For a newly started skill development initiative in a small town, the amount of effort required for outreach and awareness of the courses, is enormous. We approached this challenge, with a two-pronged strategy. One, through our marketing efforts and second, through our mobilization efforts. The marketing efforts came in various formats: hoardings, banners, a video ad in telugu in local cable channel enacted by our youth volunteers, newspaper advertisements, a YouTube clip, a web page, standees and pamphlets.
On the other hand, our outreach and mobilization efforts endeavoured to reach to the youth through a more grass-roots level engagement in local colleges, hostels and villages. In addition, we also sourced potential candidate contacts through family and friends, through local contacts in the government bodies and other units running similar programs. In parallel, our volunteers called these contacts to explain about our courses and invite them to our center for a discussion.
We invited parents of our current students and some locals who were interested in a small focus group to engage with them, to understand their conditions and spread the word about our course offerings. To visit Narasampalli, we joined hands with some volunteers from the Sri Sathya Sai University and explained about our project at the temple of the local deity.
In a unique effort to interact with parents and emphasize their important role in the development of their wards, and also as a connect to spread word about our courses, the Director visited the village home of each and every current student and invited the parents personally to visit the center on Parent’s Day.
Since most of the students who enrol in our GDA courses are women, and skill development can be greatly empowering a woman’s ability to rise in society, the Director also took the opportunity of Women’s Equality Day to create awareness about the same during the Women’s Equality Day celebrations at the Bukkapatnam Degree college. We had also visited this college as part of our needs analysis survey earlier. A report of the talk entitled, ‘Equal role for women in all sectors’ also appeared in the local newspaper Praja Sakthi on 26th August 2019. Speaking at the function, the Director underlined the role the women can play in the development of society and emphasized the need for women to be aware of their rights first, and then to take responsibility to spread awareness about the same.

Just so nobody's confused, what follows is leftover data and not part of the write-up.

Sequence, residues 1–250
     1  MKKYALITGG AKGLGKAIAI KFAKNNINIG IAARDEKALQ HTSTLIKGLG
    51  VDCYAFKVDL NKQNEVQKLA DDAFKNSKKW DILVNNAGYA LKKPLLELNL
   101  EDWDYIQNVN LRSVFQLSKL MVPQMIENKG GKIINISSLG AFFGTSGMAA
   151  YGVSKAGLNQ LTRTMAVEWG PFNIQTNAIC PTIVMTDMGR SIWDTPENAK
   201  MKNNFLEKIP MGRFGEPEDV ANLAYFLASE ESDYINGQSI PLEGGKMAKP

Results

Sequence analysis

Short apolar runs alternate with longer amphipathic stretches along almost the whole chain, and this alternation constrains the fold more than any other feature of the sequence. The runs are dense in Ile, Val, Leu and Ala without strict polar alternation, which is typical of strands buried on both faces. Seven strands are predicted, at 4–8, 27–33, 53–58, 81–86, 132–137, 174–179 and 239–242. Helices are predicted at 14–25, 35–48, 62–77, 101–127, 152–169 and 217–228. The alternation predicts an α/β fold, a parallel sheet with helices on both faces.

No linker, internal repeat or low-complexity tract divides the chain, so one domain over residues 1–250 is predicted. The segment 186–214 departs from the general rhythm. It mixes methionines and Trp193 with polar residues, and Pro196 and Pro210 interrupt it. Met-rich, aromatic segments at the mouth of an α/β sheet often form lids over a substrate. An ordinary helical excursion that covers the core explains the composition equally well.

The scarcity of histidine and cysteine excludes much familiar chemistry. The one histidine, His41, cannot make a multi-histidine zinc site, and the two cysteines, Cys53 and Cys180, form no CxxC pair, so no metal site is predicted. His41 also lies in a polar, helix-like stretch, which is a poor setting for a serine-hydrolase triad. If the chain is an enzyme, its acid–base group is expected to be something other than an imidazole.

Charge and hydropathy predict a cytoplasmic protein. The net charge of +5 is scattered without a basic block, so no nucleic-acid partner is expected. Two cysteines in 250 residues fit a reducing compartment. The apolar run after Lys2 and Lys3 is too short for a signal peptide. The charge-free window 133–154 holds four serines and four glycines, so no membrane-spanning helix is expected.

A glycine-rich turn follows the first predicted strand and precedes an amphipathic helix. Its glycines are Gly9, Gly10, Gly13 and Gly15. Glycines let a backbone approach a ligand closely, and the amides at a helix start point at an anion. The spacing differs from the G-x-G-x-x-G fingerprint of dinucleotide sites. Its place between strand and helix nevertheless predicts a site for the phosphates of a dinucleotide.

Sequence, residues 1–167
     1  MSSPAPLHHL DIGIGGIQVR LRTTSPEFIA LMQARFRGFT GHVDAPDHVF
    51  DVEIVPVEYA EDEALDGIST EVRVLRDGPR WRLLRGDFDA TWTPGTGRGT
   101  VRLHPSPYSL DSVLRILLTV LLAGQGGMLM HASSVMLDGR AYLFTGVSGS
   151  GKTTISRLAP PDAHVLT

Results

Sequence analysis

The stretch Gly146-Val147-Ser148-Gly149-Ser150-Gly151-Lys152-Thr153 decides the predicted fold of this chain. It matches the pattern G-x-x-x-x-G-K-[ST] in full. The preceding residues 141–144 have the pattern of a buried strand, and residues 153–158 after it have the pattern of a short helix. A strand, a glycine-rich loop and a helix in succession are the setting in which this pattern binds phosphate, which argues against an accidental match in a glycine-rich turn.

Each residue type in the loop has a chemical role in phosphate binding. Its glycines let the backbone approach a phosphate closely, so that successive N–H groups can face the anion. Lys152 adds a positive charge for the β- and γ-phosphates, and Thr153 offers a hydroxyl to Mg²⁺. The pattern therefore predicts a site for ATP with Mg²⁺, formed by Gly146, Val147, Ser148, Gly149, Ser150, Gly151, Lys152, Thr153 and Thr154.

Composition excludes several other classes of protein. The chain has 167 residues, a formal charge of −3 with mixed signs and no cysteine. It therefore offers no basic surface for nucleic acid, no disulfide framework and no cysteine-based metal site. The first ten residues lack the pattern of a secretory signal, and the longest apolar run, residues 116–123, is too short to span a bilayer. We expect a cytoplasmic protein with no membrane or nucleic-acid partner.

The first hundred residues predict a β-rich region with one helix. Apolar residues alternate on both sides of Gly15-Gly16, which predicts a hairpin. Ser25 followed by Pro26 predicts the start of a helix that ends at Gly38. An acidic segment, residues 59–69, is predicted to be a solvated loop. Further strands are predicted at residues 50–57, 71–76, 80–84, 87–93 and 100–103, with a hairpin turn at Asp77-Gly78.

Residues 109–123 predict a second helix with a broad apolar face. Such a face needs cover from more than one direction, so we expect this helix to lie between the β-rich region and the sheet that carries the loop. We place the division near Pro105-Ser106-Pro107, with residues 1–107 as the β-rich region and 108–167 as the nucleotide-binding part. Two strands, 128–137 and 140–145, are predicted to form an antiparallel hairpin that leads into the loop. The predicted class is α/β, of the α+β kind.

We also found that it was important to engage in the skill development narrative, not in isolation, but in consonance with other locally relevant constraints and problems. Being connected with their lives in a larger context, enables us to bring forth conversations regarding stable income, career, ambition and skill development. To this end, in association with the local municipality, we also took up a 4-day long river-cleaning exercise of a stretch of the Chitrvathi river which flows besides the town, around Diwali holidays. A report of the same can be found here.
The inauguration of the Center and our outreach efforts also evoked interest in the Press to spread information about our courses, since it is locally relevant and useful. Subsequent to a visit to our center and interactions with our students, a report entitled ‘Skill Development Training for the youth’ appeared in the telugu newspaper ‘Praja Sakthi’ on 14th July 2019. The report highlighted a popular punchline from our telugu ad, ‘Not for the one who has succeeded, but for the 99 who want to succeed‘. Carrying a picture of the mannequin from our GDA lab, the report spoke about our courses, the career possibilities after the course and it’s relevance in today’s world.
On 4th December 2019, we went to two of the villages served by the Sri Sathya Sai Mobile Clinic, where our GDA students to for On-the-job training, Cherlopalli and Venkalammacheruvu. Some of our current students hail from these villages, they described to us the conditions of youth in these villages. At Venkalammacheruvu, our current students enacted a street play at a village corner. Delivered in a combination of dialogues, sign language and voice-over, the play captured the typical journey of an unprepared, unskilled young man dropping in for an interview, only to be humiliated for want of skill and then being counselled by another young man to skill himself professionally and with communication skills. The students then also spoke of their own journey of growth.
We also visited the government hostel for college students at Bukkapatnam on 11th December 2019, to create awareness about our courses. We found that the students had a strong urge for the Youth Development Modules of Tata Strive. The students here are from DIET college, Bukkapatnam which runs Education and Training courses, Sri Vidya College, Kothacheruvu and Sai Teja College, Kothacheruvu, which runs the MPHW course. On 10th December 2019, a few girl students from the nearby Mangalakara college also visited our center and wanted to improve their communication skills to pursue a better career.
Even as we tour all the villages and explore more and more options to create awareness about our courses, like with any rural development work, challenges remain. Getting more and more youth to gather at our meets, having them to sustain their interest after our initial connect, making them to visit to the center, counselling them with interest inventory , enrolling them and then retaining them after enrolment : at each of these stages, we find that the roots lie the ability to break the laid-back-wala motivation deficit and to spark the growth mentality ; making them discover their own inherent potential to change the status quo and break out of their poverty cocoons. To that end, we look forward to devising more and more mobilisation engagements and innovative formats to spread the word.